You recently published a paper in the International Journal of Environmental Research and Public Health that explored the health-related quality of life for people living with HIV in Ontario. What were the findings?

The paper showed how people living with HIV in Ontario, despite most having access to care and treatment, have significant unmet basic needs with food security, clothing and housing – and that these survival challenges have significant impacts on the quality of life of people living with HIV, especially as they get older.

Our work as scientists is to not only show how the social determinants of health have links to health and wellbeing – and but it also raises questions about basic health and social policy (and what we need to do as advocates and social entrepreneurs). We can create medicines that will keep people alive and build health systems to deal with some serious and life challenging health issues like HIV, but if you want those people to thrive (and especially as people with HIV age), we need action on the policy side so that they don’t have to live in poverty and be able to have access to the basic needs of life for their wellbeing.

If you had a magic wand and could solve one problem tomorrow in the context of HIV in Canada, what would it be?

My magic wand moment would be for everyone to have a way to know their status, along with the information that’s appropriate for them about what to do with that knowledge! This is in effect what we’re trying to accomplish with I’m Ready. Ending HIV in Canada is within reach, that’s not a fantasy. If we can work together to get to communities who need access to testing and care and break down the barriers that are in place, and the stigma and discrimination that is still there, we can get there.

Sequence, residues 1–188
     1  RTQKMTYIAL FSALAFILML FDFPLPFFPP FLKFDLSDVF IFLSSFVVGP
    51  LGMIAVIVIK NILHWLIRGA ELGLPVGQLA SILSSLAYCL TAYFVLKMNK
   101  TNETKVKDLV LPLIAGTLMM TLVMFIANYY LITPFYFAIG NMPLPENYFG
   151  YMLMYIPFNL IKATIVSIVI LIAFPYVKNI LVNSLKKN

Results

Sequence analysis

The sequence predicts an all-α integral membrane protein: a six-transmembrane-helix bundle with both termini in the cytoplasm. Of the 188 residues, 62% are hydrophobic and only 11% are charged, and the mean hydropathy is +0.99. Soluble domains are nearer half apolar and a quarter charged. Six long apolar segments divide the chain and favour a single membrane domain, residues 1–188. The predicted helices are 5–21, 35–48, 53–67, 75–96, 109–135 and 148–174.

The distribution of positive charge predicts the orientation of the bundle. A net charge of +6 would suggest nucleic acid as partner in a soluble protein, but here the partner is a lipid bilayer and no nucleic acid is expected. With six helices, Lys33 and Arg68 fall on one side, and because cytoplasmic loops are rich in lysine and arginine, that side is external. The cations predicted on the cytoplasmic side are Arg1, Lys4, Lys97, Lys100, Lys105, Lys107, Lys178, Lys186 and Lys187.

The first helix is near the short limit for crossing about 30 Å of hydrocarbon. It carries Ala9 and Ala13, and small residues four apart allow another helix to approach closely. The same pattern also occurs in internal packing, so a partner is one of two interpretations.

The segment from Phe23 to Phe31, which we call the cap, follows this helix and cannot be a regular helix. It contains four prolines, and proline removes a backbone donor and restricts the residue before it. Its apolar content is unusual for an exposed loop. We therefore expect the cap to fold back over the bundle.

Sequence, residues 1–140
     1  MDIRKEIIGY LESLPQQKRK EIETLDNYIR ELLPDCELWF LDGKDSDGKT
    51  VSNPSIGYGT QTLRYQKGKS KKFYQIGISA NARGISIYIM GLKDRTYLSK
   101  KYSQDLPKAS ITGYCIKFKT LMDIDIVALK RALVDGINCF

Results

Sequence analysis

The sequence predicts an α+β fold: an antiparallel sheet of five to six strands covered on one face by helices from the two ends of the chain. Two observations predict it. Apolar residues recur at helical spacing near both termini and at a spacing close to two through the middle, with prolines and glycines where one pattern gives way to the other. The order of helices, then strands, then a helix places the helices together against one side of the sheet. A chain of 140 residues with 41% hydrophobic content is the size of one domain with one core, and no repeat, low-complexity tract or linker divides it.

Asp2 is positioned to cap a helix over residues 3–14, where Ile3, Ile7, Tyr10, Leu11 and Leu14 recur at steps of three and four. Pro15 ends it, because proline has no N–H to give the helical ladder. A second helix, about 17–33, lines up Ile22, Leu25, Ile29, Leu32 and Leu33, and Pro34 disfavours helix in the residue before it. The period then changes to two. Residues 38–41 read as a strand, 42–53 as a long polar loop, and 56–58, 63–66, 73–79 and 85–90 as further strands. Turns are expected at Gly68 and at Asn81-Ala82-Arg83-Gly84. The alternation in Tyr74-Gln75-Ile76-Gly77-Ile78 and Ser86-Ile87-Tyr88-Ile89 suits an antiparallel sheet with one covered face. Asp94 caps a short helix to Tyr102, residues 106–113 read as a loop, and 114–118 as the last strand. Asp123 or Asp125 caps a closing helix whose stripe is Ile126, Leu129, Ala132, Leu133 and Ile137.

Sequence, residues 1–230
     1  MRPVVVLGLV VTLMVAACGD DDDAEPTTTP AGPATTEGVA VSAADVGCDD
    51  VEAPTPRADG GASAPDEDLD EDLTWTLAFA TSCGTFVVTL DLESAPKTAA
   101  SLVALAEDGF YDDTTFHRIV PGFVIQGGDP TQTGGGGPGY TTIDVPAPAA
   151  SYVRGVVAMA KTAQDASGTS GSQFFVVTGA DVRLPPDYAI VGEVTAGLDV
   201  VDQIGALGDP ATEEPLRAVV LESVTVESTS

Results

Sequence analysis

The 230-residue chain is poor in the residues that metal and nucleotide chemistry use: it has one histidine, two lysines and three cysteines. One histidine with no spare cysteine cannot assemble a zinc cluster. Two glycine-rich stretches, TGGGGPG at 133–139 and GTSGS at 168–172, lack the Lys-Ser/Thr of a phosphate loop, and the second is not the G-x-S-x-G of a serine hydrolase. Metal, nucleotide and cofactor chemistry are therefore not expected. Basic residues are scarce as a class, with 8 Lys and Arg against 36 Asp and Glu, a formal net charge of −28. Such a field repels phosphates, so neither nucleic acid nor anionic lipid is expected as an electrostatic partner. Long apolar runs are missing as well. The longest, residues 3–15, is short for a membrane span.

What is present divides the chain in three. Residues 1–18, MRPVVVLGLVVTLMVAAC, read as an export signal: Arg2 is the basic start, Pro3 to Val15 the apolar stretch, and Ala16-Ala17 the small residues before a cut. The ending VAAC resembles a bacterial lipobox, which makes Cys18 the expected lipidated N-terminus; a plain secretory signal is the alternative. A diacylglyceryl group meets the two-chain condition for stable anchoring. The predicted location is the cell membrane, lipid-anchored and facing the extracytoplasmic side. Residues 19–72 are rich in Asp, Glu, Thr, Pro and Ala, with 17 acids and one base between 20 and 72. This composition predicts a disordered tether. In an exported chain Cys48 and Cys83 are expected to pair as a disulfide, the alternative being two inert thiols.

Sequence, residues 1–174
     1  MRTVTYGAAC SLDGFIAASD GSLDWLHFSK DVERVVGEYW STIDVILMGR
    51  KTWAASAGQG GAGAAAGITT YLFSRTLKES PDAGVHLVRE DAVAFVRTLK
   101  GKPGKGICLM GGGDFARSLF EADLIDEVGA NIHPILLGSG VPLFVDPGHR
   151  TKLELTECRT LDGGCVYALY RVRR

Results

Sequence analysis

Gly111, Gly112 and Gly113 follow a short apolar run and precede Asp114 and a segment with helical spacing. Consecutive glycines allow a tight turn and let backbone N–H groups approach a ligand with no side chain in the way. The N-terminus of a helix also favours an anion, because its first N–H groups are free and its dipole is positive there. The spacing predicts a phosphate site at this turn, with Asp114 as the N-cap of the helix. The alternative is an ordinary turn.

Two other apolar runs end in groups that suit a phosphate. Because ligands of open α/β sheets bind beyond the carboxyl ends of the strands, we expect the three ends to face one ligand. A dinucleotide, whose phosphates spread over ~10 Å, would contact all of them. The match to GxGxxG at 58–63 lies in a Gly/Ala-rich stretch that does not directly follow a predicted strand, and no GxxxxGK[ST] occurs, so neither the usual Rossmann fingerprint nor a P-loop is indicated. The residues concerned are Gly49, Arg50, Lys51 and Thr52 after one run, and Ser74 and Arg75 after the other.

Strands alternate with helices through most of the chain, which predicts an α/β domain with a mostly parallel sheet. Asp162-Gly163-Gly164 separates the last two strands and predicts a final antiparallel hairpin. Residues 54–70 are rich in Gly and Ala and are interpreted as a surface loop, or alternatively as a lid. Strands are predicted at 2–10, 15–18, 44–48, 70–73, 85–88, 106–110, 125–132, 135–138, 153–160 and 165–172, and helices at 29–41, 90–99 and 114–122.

What should Canada be proud of in terms of HIV progress and where are our opportunities for improvement?

Canada should be proud to have so many dedicated people with lived experience, policy actors, community members and scientists who are committed to the work of ending HIV stigma, supporting people living with HIV and getting testing and care to those who need it to end Canada’s HIV epidemic. This is a team effort; luckily, there’s so much great work happening.

For improvement, we absolutely must prioritize those communities who are disproportionately affected by HIV and at higher risk: African Caribbean and/or Black; gay, bisexual and other men who have sex with men, people who use and inject drugs; and Indigenous Peoples (First Nations, Métis and Inuit). We can’t use a one-size-fits-all approach; we have to meet people where they are to have the real-life impact that it’s going to take to end Canada’s HIV epidemic.

Any final thoughts?

We have the science and tools to end HIV in Canada. Now it’s all about leadership and execution of the solutions, and we are going to make it happen. Visit readytoknow.ca to learn more about the I’m Ready HIV self-testing research program, our anti HIV-stigma website The Positive Effect and REACH Nexus to learn more.

By: Jennifer Stranges